Of late, the extremes that we use in language caught my attention: best vs. worst, highest vs. lowest, most vs. least, and always vs. never. The flexibility of language extremes makes them so fascinating. Sometimes, you don’t want the thing described as the most or the highest. Other times, you’ll refuse to settle for anything that isn’t the best.
When we choose extreme language, we’re saying something. We’re taking a position. In the political world, some people will never vote for certain candidates. In the business world, shareholders only want the highest return on their investment. In our personal lives, we only want the best for loved ones.
Extreme language can lead to extreme behavior. Consider the words of Robert F. Kennedy:
What is objectionable, what is dangerous, about extremists is not that they are extreme, but that they are intolerant. The evil is not what they say about their cause, but what they say about their opponents. (link)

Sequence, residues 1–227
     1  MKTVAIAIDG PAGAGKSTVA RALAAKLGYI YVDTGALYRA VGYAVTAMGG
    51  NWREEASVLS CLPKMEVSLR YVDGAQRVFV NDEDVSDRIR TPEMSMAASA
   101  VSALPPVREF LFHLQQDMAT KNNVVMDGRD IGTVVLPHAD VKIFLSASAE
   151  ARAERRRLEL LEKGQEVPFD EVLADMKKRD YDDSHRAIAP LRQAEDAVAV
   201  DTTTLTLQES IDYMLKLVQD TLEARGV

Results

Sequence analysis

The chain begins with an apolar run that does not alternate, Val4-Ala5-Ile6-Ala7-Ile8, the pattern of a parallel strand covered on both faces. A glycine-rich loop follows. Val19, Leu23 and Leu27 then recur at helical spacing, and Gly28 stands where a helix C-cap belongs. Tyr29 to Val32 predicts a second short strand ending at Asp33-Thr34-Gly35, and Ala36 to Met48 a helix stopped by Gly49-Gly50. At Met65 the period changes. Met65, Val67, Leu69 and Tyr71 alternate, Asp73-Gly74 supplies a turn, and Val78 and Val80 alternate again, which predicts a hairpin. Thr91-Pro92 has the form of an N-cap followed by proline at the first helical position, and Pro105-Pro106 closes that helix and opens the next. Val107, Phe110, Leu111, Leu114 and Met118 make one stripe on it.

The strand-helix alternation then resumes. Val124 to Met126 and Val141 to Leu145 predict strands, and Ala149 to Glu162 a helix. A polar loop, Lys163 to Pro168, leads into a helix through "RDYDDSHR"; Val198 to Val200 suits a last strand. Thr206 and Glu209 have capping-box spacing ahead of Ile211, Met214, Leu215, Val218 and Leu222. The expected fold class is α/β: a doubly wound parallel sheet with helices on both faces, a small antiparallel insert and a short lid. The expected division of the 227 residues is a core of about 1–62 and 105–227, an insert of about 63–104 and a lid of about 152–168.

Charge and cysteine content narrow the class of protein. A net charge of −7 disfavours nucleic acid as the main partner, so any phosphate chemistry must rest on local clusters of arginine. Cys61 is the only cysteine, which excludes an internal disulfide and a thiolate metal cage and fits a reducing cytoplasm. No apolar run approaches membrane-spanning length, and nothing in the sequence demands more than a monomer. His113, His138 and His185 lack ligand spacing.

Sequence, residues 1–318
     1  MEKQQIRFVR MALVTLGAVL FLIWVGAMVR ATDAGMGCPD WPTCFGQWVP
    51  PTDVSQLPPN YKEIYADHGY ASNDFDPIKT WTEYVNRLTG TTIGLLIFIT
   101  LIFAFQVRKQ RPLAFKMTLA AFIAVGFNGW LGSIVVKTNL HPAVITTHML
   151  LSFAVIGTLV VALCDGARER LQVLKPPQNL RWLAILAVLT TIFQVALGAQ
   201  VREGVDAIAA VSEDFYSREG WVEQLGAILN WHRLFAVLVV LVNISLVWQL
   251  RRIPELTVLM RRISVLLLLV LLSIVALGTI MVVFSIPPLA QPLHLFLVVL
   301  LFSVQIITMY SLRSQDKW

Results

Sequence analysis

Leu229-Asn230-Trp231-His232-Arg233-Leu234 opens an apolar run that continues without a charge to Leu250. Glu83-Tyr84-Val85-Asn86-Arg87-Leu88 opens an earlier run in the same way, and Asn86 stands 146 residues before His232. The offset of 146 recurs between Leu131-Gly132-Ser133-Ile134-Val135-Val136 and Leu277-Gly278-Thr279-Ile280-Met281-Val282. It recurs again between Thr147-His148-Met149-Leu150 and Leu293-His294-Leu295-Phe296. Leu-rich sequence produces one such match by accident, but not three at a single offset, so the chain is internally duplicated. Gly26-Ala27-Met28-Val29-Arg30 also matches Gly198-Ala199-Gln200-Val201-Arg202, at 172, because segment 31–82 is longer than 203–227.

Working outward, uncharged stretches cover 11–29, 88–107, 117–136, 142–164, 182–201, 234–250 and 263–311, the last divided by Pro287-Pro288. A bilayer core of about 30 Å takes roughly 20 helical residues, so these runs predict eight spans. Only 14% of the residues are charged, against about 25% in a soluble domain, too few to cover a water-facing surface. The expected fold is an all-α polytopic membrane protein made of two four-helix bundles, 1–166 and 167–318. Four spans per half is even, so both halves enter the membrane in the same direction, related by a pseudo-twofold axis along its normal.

Certain subjects and actions seem to attract extreme language and behavior (religion, politics, anyone?). But what are we really saying when we use extreme language or resort to extreme behavior? What wiggle room do we leave ourselves once we’ve crossed that line?
Growing up, I regularly told people, usually my parents, I’d hate them forever for some slight. Luckily, my parents ignored me and my childish certainty that I meant what I said. I appear to have discarded this habit and can’t recall the last time I told someone I hated him. While I can’t claim I’m totally above extremes, I do know what stops my tongue and my hand is the thought expressed so eloquently by Kennedy: extremism easily slides into intolerance. However, we can’t ignore the flexibility of intolerance, too. Should one ever tolerate racism or sexism?
That’s the underlying power of language. We have the ability to shape it into something of value. Language extremes have a place, but we’ve got stop pretending that using it doesn’t bear consequences. For example, doing a Google search for “I’ll never,” returned 1.4 million results. Of those 1.4 million, I wonder how many people had to take back their “I’ll never.” I think I might be of them. Are you?